"It's a form of theft," said the analyst, John Morton. "Your ad rates are keyed to your circulation. You can sue to get refunds." Newspapers report their circulation to the Audit Bureau of Circulation, which has been reviewing the Newsday and Hoy figures.
Not all newspaper companies are having a rough year. Gannett Co., the nation's largest newspaper chain, reported that both ad revenue and volume increased last month compared with May 2003. Knight Ridder Inc. reported a 2 percent advertising gain over last year through May at its 31 newspapers.
At the Wall Street Journal, however, management and workers have been trying to reach a new contract for months, and union reporters say their "byline strike" is meant to show their unhappiness with the company's offers. About 1,600 newsroom and business-side employees voted down a three-year contract proposal made by Dow Jones in January, saying the offer increased health care costs and fell short on wage increases. The staff has since engaged in walkouts and protests and requested a mediator because the company threatened to end negotiations and impose a contract, which it can do, said Tom Lauricella, a Journal reporter who covers mutual funds and is the newsroom union representative.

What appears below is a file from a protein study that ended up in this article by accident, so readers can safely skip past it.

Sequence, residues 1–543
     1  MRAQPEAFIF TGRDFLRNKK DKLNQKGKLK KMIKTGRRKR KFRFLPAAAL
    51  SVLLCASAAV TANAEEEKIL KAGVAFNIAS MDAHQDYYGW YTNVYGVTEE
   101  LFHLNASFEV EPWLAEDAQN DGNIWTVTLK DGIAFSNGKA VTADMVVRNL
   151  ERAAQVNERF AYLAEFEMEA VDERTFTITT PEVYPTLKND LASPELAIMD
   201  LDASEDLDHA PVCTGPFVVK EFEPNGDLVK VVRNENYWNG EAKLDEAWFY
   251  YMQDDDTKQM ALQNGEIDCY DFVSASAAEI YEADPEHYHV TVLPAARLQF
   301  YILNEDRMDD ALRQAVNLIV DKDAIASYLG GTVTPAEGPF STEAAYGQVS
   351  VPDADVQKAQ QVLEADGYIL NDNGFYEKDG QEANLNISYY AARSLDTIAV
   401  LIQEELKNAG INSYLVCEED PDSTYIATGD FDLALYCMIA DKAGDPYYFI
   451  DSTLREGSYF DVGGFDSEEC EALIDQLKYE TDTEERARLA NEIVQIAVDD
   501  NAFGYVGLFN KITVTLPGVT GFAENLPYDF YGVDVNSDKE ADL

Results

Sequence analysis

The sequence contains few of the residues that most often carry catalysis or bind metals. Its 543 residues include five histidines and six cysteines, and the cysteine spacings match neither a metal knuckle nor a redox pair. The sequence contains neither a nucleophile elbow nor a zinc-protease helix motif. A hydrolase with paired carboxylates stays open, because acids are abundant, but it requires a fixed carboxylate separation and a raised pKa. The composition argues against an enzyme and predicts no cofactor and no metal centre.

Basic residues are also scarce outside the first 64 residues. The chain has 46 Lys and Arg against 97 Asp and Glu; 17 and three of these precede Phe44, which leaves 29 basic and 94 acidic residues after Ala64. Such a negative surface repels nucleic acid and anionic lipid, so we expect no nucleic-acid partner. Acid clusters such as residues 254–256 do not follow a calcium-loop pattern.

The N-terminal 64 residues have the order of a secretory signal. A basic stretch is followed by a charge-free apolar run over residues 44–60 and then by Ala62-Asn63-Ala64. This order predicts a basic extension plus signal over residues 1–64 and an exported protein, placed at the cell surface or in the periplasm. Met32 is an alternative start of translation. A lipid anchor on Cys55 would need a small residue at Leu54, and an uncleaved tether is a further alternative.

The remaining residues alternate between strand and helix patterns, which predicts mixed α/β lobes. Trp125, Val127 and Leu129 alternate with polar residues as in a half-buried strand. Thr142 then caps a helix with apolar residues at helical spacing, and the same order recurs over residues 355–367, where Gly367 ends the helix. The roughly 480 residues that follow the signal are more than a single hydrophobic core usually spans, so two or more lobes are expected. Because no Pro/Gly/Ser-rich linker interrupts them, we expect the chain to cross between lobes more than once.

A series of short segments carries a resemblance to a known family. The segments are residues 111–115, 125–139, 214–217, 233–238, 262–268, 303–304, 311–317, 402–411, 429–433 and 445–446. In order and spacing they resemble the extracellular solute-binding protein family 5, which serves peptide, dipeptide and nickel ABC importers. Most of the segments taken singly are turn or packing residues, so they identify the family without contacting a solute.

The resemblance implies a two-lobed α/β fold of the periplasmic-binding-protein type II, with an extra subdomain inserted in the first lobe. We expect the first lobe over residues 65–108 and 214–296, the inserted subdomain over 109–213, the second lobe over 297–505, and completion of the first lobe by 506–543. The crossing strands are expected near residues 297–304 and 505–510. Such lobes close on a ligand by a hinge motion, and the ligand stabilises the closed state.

Among major dailies, the Journal was hit hardest by the ad recession and is the last to crawl out. It greatly expanded its staff to cover the tech boom of the late '90s. The tough dealing in the labor negotiations likely reflects management's reserve about the coming ad market.
During Dow Jones's first-quarter earnings report in April, Chief Operating Officer Richard F. Zannino said the Journal's ad growth "provides the strongest evidence yet that the worst of the three-year [business-to-business] advertising depression may be behind us with an emerging recovery at hand. Having said this, monthly lineage comparisons at the Journal remain volatile and overall advertising levels remain well below normal."
Union employees say they understand that.
"When this all started, we recognized that things were not great" with Dow Jones, Lauricella said. "But we also recognized that things would be getting better, as they are. The company is not in that kind of dire straits where they need our subsidies to survive."
Unlike union members at The Washington Post, who staged two byline strikes in 2002, Journal employees do not have the right to remove their bylines; instead, the Journal complied with the writers' request to do so. Writers at Barron's, also owned by Dow Jones, have requested their bylines removed from Saturday's edition.
At Tribune Co., the troubles are due in part to a marriage of corporate cultures. Tribune bought the Times-Mirror chain, which included the Los Angeles Times and Baltimore Sun, in 2000. In the year before the merger, Tribune's profit margin for its newspaper division was 29.2 percent, according to company reports. For Times-Mirror papers, the number was 18.2 percent.